Commentary Magazine

The Age of Jackson, by Arthur M. Schlesinger, Jr.

Liberalism’s Ebb And Flow

The Age of Jackson.
by Arthur M. Schlesinger, Jr.
Boston, Little, Brown and Company, 1945. 577 pp. $5.00.

History does not repeat itself, although the recurrence of events widely separated in time and having aspects of similarity, might cause one to think that it does. Accordingly, there seems to be a pattern underlying the rise and fall of successive liberal movements in American history. The earliest American liberal movement culminated in the winning of independence from Great Britain; another swept Jefferson into power in 1800; still another brought Jackson to the presidency almost three decades later. In 1860, Abraham Lincoln rode the crest of a wave of radical Republicanism and in 1912, Woodrow Wilson and the philosophy of the New Freedom were given a mandate from the American people. The most recent liberal resurgence marked the rise of Franklin D. Roosevelt and the New Deal program.

The Revolution of 1776 ended with the adoption of the conservative Constitution of 1789; Jeffersonianism, which drove the Federalists out of power at the turn of the century, was on its way to defeat and betrayal by the time of the outbreak of the War of 1812. The Jacksonian upsurge was followed by the dull complacency of administrations which left so little impress upon the American mind that the very names of the presidents between 1840 and 1860 are recalled only with difficulty. Lincoln’s successors were hardly distinguished for their social philosophy and there was not a “people’s president” in the White House until Theodore Roosevelt. The latter had no social program, but his vigorous personality, combined with the force of circumstances, made it appear that he had one. Wilson’s broad and humanitarian national and international vision was followed by the generally limited perspective of Harding, Coolidge, and Hoover. Finally, Franklin Delano Roosevelt’s political career was long enough to enable him to renounce New Dealism as a theme in the 1944 election campaign.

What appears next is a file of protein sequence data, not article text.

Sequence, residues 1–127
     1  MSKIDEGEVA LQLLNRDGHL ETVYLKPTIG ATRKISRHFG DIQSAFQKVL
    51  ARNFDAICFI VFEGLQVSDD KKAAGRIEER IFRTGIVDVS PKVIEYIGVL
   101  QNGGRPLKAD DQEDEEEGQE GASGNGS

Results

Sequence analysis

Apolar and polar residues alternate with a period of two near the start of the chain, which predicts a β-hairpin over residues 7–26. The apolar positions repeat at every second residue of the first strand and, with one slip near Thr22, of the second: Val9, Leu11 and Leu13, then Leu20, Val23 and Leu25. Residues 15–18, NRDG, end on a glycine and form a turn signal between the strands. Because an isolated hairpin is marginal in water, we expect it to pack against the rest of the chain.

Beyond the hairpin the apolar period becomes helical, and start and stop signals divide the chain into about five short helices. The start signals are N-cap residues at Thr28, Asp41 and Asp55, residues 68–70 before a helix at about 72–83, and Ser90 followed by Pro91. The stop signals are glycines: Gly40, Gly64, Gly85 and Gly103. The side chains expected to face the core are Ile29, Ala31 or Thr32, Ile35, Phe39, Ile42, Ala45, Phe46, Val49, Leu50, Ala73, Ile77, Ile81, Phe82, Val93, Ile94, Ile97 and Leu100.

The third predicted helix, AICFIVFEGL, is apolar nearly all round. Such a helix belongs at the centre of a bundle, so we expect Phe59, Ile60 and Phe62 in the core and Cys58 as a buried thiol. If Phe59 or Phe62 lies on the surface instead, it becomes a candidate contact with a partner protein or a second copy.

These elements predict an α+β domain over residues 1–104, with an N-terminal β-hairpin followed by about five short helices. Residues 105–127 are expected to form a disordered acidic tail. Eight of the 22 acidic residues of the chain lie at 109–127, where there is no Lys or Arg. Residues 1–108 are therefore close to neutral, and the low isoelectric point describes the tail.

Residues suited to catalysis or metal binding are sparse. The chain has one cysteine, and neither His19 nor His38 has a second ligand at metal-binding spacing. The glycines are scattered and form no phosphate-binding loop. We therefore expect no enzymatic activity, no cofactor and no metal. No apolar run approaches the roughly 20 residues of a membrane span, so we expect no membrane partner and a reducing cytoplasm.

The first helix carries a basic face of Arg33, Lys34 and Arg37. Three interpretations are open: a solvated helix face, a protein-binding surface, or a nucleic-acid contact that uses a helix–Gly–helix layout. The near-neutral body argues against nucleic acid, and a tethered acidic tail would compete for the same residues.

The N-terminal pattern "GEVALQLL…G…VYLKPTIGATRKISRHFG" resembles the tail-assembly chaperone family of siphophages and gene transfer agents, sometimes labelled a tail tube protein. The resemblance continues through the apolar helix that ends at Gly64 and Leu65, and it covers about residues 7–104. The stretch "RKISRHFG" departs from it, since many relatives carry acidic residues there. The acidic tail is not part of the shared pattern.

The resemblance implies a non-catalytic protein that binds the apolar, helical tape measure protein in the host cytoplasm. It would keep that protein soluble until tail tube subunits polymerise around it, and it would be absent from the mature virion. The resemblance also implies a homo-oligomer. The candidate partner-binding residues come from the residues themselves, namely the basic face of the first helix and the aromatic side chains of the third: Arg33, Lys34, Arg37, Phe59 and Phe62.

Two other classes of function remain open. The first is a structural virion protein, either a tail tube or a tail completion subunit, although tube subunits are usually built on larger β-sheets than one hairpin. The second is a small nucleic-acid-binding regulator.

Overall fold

Why this liberal cycle instead of a persistent, ever-broadening stream of protest culminating in a final cleansing of the temple? There are a number of explanations: (I) Our history shows that the abundance of the American economy took the edge off what the historian, James Schouler, called “the spirit of envious democracy,” except for sporadic outbreaks in times of political and economic crisis. (2) There has been a significant poverty of liberal thinking and liberal program. We have had some great liberal leaders, but the record is also replete with those who struck their colors when confronted with crisis or power situations, seemingly unconscious that their ideological and actual positions were in conflict. A surprising number of liberals, in old age and disillusion, have sought solace in revealed religion. (3) Successful liberal movements have been traditionally coalitional in character and represent a variety of motive and interest, some altruistic, and others not so.